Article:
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Amid juggling the intricacies of design and code reviews, construction documentation, zoning requirements, and other bureaucracies, designers can lose sight of the simple premise that buildings are for people. Here, three professionals share challenges and tips on garnering meaningful community input in the design process.

Listen, Listen, Listen
Finding a balance between a standard career in architecture and the public sector can often feel at odds, says California College of the Arts diversity studies professor Shalini Agrawal. After practicing as an architect for 20 years, she felt “the traditional field was not addressing issues that were important to me, which was bringing community voices into the process.”

To help bridge this gap, last year, Agrawal worked with Garrett Jacobs of the Open Architecture Collaborative to spearhead the launch of Pathways to Equity, a seven-month-long workshop program to prime designers with skills to practice responsive social impact design. Fundamentally, this starts with opening lines of communication and establishing trust with community stakeholders. Agrawal recommends “lead[ing] with deep listening, and not with solutions. Stakeholders bring different—and valuable—perspectives based on their own lived experiences that we, as outsiders, do not have.” Designers should understand that communities are often “the content experts with the issues that directly impact them, and should always have a seat at the table,” she continues. “Those who are closest to the issues are closest to the solutions. This facilitates sustainability and ownership towards better project outcomes.”

Hosted in partnership with Open Architectural Collaborative and the Association for Community Design, Pathways wrapped its pilot program earlier this year in Oakland, Calif., and will soon launch an online training program for those not based in the Bay Area.

Be Realistic and Deliberate
Acting on an impulse to get more involved is the first step, but even the best-laid plans can fall short, especially if it happens during your off-work hours. “It’s about being realistic about what you can give so you can prevent burnout,” says Siboney Díaz-Sánchez, AIA, an associate at San Antonio, Texas–based Overland Partners, founding member and co-chair of AIA San Antonio’s Latinos in Architecture Committee, and a zoning commissioner for the city’s District 1. “Being deliberate about communicating your priorities, your intention, and really showing up matters.”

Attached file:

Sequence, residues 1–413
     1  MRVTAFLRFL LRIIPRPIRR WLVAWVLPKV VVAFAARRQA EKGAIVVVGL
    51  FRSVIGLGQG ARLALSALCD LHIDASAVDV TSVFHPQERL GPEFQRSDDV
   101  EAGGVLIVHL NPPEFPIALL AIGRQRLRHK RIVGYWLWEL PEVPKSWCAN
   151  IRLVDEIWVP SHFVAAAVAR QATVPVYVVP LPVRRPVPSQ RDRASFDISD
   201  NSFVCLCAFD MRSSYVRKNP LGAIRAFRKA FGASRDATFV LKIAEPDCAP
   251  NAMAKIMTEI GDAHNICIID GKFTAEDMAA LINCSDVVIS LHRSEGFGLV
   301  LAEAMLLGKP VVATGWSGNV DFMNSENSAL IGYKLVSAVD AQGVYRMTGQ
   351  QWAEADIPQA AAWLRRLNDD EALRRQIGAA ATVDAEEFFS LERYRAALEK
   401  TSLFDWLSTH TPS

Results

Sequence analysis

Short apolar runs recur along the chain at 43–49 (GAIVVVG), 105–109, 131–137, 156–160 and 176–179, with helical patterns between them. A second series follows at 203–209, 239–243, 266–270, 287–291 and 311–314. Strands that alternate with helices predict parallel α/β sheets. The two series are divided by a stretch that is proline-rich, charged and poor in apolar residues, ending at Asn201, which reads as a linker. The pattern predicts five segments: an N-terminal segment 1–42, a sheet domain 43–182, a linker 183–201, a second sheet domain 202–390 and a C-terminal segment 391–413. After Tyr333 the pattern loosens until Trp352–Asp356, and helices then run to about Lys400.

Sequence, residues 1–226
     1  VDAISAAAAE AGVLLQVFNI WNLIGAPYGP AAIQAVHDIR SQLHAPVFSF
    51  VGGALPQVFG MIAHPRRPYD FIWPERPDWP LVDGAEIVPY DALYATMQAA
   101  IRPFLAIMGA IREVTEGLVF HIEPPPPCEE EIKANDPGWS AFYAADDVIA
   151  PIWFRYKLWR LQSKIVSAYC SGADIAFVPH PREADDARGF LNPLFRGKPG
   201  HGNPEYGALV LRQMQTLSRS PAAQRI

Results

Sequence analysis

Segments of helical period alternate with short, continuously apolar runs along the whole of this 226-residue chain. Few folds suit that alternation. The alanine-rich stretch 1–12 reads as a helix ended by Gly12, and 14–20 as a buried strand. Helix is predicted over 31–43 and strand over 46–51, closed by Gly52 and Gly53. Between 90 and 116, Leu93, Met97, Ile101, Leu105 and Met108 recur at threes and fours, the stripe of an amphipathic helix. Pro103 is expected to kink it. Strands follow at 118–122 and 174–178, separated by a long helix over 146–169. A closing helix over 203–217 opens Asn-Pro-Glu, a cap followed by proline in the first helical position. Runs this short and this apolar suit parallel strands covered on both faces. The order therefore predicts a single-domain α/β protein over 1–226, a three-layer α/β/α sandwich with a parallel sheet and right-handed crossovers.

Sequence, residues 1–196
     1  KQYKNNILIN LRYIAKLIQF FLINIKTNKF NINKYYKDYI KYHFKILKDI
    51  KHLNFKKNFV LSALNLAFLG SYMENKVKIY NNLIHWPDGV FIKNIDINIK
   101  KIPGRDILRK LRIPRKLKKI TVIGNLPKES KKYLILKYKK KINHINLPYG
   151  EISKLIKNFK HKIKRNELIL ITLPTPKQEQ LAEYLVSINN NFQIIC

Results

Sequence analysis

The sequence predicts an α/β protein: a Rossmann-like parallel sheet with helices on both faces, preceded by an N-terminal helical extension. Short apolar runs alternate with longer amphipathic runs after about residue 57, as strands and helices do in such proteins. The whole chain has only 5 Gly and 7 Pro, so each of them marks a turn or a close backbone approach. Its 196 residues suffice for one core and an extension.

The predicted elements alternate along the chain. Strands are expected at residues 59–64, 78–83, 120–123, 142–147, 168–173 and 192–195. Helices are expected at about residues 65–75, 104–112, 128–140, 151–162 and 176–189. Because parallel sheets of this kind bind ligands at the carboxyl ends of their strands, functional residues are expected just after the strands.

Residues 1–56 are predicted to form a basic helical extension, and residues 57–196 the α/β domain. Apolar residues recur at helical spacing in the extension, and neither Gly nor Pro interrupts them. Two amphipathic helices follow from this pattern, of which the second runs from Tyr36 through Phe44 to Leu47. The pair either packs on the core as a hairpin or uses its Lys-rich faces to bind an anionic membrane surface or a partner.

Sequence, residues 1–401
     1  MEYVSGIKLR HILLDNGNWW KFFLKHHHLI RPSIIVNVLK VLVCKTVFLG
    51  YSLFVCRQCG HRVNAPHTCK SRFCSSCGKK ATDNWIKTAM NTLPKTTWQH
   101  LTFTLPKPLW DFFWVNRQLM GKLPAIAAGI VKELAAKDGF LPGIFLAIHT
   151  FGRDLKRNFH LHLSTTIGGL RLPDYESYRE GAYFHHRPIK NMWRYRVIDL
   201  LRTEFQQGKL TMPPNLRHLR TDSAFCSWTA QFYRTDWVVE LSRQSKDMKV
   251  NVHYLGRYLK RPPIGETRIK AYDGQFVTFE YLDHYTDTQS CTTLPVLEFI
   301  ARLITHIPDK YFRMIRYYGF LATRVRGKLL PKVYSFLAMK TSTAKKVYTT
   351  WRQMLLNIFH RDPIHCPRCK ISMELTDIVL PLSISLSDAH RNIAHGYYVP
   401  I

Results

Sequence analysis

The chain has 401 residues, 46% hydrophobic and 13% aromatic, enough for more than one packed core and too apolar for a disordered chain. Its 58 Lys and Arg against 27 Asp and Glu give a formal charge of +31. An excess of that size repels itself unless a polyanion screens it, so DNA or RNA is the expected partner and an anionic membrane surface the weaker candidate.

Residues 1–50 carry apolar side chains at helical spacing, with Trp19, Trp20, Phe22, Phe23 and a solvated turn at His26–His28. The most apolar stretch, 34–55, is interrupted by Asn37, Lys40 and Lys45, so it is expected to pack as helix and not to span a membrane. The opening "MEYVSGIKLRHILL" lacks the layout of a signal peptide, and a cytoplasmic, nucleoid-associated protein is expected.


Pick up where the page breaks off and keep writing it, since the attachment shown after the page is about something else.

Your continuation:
Finding a cause that speaks to your passions and concerns is one thing, but if the prospect of a new time commitment isn’t realistic for your work schedule, Díaz-Sánchez says you can pitch in other ways. Don’t get arrested by inaction or overwhelmed if you find yourself short on bandwidth: Listen in on conversations and pay it forward. If an excellent opportunity to work on a community-focused project comes up at a not-so-great time, recommend others that could be a good fit.

Institute Firm-Wide Standards
While going the extra mile for community engagement can create a complex matrix of desires and necessities, especially in private-sector projects, it is up to firms to establish standards. To take actionable steps, Díaz-Sánchez says, firms should “formalize time for listening to communities within the project scope and contract. Challenge clients who do not see the value of community outreach—because architecture affects everyone.” Planning for translators, selecting physically accessible locations, and providing advance notice for community meetings will help ensure your outreach efforts are not only realistic, but welcoming. Above all, listen and follow up with progress and updates to keep community members engaged and informed.

As the director of civic impact at New York–based design firm WXY, Traci Sanders plays an active strategic and advisory role throughout the concept and design process to ensure that social and community engagement plays an instrumental part throughout. "WXY has used a variety of tools," she says. "But every potential project begins with developing an engagement strategy that ensures we gather information that informs the end product."

Depending on the project scope and type, Sanders says, these strategies can include large-scale public forums, with presentations and breakout sessions for more focused discussions; going out into the community to survey people on the streets; meeting folks at community centers or church events; and using augmented and visual reality visualizations of planned designs to transparently share project updates.

Working with a local community to set a clear road map of goals and objectives is not only in the best interest of a firm's designers and end users, but the client, as well. “We’re interested in creating and helping to create communities that are environmentally and economically sustainable; we want to create spaces that promote equity,” Sanders says. “We’re constantly keeping that in our minds as we’re creating the vision and narrative that you have to come back, double down, and commit.”

This article has been updated since its original publication.